In the News
A Question of Supply - Heathrow implements a Capacity Cap
The UK’s busiest airport, has announced a two-month cap on departing passengers at 100,000 a day to limit queues, baggage delays and flight cancellations.
It is also asking airlines to stop selling tickets for flights that could be curtailed.
Such capacity limits are a response to severe labour shortages facing the airport. Unemployment is at record lows and the number of job vacancies is at a record high of 1.3 million. Airports and the businesses contracted to provide services there are struggling to recruit, train and gain security clearance for new employees.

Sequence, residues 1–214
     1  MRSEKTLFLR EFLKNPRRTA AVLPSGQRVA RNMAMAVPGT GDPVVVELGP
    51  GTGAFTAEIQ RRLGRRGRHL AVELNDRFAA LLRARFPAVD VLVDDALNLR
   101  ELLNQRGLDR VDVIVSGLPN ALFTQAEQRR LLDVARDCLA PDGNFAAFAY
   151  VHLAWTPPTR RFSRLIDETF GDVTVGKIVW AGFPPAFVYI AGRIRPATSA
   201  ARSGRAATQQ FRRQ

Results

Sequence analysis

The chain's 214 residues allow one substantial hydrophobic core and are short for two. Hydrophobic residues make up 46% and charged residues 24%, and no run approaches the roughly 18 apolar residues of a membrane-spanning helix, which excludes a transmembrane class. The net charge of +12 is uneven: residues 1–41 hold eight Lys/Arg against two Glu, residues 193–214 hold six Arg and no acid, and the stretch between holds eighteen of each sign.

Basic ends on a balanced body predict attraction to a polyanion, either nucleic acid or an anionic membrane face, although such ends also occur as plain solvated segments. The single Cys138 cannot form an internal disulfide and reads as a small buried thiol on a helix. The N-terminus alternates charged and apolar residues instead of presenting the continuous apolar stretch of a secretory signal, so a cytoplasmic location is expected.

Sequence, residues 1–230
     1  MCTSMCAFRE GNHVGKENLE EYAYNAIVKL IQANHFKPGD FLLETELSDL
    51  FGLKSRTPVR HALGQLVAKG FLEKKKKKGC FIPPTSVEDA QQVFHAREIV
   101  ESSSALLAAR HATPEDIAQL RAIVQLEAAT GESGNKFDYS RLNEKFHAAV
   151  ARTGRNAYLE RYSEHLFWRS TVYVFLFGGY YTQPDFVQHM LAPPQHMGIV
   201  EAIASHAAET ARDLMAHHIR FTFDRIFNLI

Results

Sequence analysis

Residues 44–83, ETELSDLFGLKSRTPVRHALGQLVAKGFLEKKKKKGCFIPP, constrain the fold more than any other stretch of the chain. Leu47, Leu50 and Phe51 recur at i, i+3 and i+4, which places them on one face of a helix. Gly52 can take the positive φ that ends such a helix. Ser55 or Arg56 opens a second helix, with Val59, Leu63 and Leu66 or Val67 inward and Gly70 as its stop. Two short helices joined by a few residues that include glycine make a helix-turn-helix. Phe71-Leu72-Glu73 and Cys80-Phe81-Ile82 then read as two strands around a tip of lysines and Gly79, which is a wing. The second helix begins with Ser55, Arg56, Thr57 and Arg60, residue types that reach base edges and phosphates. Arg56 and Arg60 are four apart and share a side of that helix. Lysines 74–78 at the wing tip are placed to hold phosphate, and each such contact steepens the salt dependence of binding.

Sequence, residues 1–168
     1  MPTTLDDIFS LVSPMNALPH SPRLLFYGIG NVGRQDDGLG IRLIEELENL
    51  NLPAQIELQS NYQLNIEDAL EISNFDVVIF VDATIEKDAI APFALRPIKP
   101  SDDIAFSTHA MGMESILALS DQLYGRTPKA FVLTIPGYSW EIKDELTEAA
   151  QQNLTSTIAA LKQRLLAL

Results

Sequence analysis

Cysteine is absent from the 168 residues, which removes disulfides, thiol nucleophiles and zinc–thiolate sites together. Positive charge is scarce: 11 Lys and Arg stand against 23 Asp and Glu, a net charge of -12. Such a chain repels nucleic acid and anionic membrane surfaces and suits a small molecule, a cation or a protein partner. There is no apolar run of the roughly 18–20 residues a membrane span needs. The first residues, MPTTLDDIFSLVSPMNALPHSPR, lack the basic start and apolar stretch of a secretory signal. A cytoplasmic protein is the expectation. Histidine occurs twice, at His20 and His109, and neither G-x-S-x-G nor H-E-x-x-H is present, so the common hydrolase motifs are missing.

The tight labour market is clearly one of the main problems - many furloughed workers have moved into alternative jobs since lock-down travel restrictions were lifted.
But the consequences of Brexit cannot be ignored. The end of free movement as the UK left the EU single market has restricted the ability of aviation businesses to source extra workers from within the EU.
Put simply, the aviation sector is struggling to cope with a surge in demand and chronic staff shortages - some of it their own making.
For business economics students, it is a good applied example of capacity issues and recruitment lead times.
The cap amounts to a cut of 4,000 passengers a day - will be in place until 11 September. Some of the excess demand can be met by switching flights to other UK airports such as Gatwick and regional airports. But these airports are also suffering from labour shortages too. Expect seat prices to rise as a market response to excess demand.
The rationale behind the cap can be found here